When you’re going through your belongings, decide what to keep and what to get rid of. Then you can further categorize those groups with the following tips, including disposal advice from certified professional organizer, Candi Ruppert.

Pro-Tip: Used color-coded sticker or tags on large items to help you keep track of what’s going where. 

Find the Right Spot For Your Belongings

The Keep Pile
  • What condition is it in? If it’s starting to deteriorate or already worn, move it to the discard pile.
  • Do you have duplicates? Only keep the item that’s in the best condition.
  • Would you replace it if it was gone? If you can’t live without it, it stays in the keep pile.
The Discard Pile
  • Would someone else use it? Donations should “lift up” the recipients.
  • Is it valuable? You may want to try and sell it.
  • Is this item worse for the wear? Toss broken, stained, torn and otherwise outdated belongings. You may also consider recycling what you can.

Ready to get rid of these items? Jump to see disposal options.

The Maybe Pile

While it’s not a good idea to let the I-don’t-knows get too big, Jameson says it’s okay to start a maybe pile for the sake of momentum.

At Home With Marni Jameson Logo.

“Keep moving and putting things in piles. Stopping is your enemy, momentum is your friend. If you’re still having trouble when you come back to the maybes, remember to keep the few and small. Size matters when you’re downsizing. Then try this mantra: hanging onto the past robs me of the present.”

Marni Jameson, Lifestyle Columnist and Author | At Home with Marni Jameson 

Pare Down These Items With Ease

Here are a few common categories to help you quickly purge.


Are you reducing belongings from a walk-in closet? Purge enough so that you can fit everything into your new closet. This is a good place to use the 12-month rule.

Kitchen Appliances and Gadgets

Get rid of everything you forgot you had or that you only use sparingly. Bread makers and ice cream makers that don’t get used are just taking up valuable cabinet space.

Books and DVDs

It’s okay to keep your favorites if you’ll have room, but if you don’t reread or re-watch the title, there’s no point in letting them take up space in your new home. Be realistic about how much room you’ll have to store these things.


Do you still decorate for the all the holidays? If so, will you have the space to set up and store all your decorations in your new home? This is a good time to scale back your displays and dial down the number of light strings you have on hand.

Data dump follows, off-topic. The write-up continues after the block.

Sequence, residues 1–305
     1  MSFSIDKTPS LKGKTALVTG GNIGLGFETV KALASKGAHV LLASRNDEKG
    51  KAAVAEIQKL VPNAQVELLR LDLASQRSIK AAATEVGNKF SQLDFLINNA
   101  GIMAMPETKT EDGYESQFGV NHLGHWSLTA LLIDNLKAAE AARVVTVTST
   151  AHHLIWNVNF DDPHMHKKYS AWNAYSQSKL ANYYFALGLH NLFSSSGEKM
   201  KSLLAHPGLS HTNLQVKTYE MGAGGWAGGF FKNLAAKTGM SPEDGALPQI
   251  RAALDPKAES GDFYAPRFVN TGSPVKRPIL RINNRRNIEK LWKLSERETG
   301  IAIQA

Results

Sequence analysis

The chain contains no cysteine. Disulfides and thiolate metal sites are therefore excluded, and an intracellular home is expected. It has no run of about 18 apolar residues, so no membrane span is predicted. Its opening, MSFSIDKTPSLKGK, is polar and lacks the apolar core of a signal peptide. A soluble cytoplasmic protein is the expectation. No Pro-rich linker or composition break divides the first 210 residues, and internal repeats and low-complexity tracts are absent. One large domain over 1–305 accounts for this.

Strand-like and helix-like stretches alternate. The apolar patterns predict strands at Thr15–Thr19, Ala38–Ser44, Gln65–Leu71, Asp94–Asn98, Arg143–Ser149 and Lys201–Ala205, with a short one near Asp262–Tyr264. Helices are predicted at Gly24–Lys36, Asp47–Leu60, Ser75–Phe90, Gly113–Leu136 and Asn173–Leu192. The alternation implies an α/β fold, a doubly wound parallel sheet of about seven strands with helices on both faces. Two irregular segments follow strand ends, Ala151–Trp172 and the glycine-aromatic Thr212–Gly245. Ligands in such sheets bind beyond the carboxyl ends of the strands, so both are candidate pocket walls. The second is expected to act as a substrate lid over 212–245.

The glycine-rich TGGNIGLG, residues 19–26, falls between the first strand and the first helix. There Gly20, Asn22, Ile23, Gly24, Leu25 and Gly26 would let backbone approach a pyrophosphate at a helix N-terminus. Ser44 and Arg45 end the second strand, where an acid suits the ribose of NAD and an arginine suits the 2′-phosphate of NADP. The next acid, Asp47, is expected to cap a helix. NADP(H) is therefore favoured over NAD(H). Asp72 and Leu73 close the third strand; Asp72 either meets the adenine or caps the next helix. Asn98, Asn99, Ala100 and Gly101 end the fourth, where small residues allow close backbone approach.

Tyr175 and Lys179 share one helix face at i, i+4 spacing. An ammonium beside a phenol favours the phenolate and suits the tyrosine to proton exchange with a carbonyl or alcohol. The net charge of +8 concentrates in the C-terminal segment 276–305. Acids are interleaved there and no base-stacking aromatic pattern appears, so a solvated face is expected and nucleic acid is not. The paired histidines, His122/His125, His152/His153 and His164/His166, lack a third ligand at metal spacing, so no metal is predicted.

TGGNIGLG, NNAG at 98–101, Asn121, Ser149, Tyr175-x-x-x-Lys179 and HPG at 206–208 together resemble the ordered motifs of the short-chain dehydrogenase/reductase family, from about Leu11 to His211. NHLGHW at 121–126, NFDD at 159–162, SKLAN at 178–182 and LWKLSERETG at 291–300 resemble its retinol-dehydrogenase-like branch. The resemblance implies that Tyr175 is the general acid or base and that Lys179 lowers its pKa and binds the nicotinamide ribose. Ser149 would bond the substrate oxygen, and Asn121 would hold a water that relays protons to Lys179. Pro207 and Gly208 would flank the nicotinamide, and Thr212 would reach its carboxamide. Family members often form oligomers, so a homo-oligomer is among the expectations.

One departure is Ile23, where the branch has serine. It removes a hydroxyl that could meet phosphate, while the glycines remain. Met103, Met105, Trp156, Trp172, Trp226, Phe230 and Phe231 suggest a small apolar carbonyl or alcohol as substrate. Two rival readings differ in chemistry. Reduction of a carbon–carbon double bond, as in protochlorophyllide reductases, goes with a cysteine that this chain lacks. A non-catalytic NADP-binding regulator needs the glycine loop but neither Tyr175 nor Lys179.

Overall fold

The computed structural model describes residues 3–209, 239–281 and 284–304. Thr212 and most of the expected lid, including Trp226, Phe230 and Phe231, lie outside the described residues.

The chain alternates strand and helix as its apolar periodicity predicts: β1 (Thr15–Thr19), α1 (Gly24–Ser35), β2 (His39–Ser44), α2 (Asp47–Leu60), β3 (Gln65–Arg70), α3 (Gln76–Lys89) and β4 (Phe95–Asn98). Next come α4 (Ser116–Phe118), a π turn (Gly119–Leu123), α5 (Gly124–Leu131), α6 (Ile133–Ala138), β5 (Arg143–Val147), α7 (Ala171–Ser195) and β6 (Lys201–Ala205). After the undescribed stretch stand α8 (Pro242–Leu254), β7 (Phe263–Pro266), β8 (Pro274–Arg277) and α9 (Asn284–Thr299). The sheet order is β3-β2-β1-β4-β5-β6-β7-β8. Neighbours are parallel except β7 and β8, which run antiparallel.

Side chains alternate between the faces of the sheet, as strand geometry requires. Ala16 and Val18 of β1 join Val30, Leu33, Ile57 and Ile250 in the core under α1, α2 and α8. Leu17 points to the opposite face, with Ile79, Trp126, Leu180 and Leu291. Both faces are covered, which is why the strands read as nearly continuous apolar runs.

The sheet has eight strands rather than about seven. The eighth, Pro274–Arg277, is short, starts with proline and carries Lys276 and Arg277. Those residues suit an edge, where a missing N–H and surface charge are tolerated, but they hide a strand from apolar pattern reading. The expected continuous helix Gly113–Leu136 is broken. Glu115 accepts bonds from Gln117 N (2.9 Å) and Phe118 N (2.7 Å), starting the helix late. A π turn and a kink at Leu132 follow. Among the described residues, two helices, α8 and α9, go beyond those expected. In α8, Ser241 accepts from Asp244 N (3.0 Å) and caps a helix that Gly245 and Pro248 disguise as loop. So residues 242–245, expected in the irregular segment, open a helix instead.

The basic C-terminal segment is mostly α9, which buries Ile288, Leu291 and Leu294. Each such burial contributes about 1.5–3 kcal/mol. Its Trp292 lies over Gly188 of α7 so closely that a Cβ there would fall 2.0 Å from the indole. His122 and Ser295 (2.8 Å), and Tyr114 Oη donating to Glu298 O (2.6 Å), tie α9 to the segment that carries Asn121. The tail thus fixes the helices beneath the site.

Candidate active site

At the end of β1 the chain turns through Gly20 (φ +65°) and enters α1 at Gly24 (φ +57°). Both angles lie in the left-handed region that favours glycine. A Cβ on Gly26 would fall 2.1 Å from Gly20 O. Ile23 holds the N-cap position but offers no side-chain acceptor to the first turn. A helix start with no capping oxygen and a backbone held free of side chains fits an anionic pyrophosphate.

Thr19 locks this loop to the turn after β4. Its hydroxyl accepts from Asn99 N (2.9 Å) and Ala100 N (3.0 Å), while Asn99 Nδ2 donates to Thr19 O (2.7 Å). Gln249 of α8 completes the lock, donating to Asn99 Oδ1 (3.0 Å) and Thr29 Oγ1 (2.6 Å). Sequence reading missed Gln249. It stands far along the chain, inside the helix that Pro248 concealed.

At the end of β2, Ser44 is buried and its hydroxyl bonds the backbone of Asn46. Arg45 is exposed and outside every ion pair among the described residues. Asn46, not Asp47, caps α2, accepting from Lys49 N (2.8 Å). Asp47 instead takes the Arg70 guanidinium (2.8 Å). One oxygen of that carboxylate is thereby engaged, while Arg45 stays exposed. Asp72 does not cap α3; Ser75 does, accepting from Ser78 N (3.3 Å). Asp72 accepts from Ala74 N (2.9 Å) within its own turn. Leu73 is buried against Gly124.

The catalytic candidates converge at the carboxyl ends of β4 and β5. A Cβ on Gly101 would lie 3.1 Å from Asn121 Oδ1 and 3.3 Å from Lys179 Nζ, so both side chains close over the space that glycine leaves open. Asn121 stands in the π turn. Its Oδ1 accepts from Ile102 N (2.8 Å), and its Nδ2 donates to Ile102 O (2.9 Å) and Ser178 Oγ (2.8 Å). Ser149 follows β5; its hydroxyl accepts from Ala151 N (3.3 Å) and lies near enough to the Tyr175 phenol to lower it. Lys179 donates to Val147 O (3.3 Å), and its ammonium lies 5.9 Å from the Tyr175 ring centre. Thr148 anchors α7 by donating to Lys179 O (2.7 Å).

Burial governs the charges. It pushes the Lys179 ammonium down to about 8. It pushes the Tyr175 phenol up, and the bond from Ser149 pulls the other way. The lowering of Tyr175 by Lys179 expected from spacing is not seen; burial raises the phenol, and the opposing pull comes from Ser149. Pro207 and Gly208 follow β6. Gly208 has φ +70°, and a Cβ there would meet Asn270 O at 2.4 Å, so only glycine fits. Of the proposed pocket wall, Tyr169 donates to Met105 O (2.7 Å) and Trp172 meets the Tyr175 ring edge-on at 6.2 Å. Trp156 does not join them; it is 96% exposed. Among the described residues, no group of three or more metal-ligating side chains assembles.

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Step #6: Digitize Important Paperwork and Keepsakes

Downsize your home office by going paperless. Scan important documents into your computer and save them in folders on your desktop or on a separate hard drive. You might also consider uploading pictures and files into a data center like the Cloud or a Google drive. 

A lot of paper items like bills and bank statements can also be found online, so there’s no need to keep the paper copies. Many companies even offer incentives for switching to paperless billing. However, it’s still a good idea to hold onto some paper statements, like taxes and warranties. But if your taxes are older than seven years or you’re holding onto warranties for items you no longer have, send them to the shredder.

Step #7: Deal With the Items in the Discard Pile

Consider donating anything you’re not keeping and that’s in good condition. You can give to charities like Goodwill, Salvation Army and Habitat for Humanity.

“Get in the generous spirit – a day of downsizing to you may be another family’s excitement over a free dining room table they couldn’t afford otherwise,” Freeney said.

If there are some items you can sell or you want to try to make some extra money, try hosting a garage sale. You can also sell items online through eBay, OfferUp, Craigslist and Facebook Marketplace.

Finally, anything left after downsizing, donating and trying to sell has no place left to go but the trash. Rent a dumpster for large items or use it to toss everything all at once.

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Re-Home Special Items


Sentimental items are some of the hardest things to part with. But if it’s been years since your kids have flown the nest, they’re probably not missing their old trophies and stuffed animals. 

HomeLight Logo.

“Give your kids a deadline to claim any relics you’ve stored from their childhood and let them know you’ll donate or toss anything that’s left.”

Caroline Feeney, Managing Editor | HomeLight’s Seller Resource Center 

You’re going to run out of space for these childhood memorabilia in your smaller home. Hold onto a few precious mementos and get rid of the rest. It can be easier to get rid of these items if they go to someone you know. Give a book to a friend you know would enjoy it or pass an old doll onto a young neighbor.

“Other people’s memories are not your responsibility,” Reich said. “If your great aunt’s sterling silver tea set has become an albatross, it’s time to donate it or sell it. If a memory is worth preserving, treat it as such. Random boxes of pictures aren’t compelling, but an album of pictures, whether digital or a book, tells a story that can be enjoyed.”

Jameson suggests chronicling your memories in a downsizing workbook. This will help you hold onto precious mementos without cluttering up your new home. Take a picture of treasured item and cut a square from your child’s baby blanket. Keep them in a scrap journal to preserve the memories.

Keep Your Clutter Under Wraps in Your New Home

Once you get through this list, you will have successfully downsized your home. As tough as that is, there’s another test ahead – keeping your clutter at bay. Make sure you organize as you unpack and set accumulation limits for yourself. Really think before you buy new items – do you have space for something new, or are you willing to get rid of something else to make room for this new thing? As long as you keep a handle on your belongings, your downsized life will give you everything you need with room to spare.

Use these six ideas to keep a clutter-free home.